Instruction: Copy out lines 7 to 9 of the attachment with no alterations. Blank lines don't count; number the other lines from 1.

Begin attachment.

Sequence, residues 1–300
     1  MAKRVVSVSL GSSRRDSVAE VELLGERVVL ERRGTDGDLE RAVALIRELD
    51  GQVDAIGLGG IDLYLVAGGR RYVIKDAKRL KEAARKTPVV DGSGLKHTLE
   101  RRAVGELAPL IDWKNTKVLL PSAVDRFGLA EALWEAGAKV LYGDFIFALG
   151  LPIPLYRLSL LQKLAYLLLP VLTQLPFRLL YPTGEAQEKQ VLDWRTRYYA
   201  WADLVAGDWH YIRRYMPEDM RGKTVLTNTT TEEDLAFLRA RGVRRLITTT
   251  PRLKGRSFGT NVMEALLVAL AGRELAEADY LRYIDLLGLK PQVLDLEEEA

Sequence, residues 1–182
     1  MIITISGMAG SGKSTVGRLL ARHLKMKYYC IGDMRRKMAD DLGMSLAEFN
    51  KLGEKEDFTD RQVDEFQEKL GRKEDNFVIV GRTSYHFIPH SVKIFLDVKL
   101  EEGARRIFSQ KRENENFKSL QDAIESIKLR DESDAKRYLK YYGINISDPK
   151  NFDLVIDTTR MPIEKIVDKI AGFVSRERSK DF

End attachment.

   251  PRLKGRSFGT NVMEALLVAL AGRELAEADY LRYIDLLGLK PQVLDLEEEA

Sequence, residues 1–182
     1  MIITISGMAG SGKSTVGRLL ARHLKMKYYC IGDMRRKMAD DLGMSLAEFN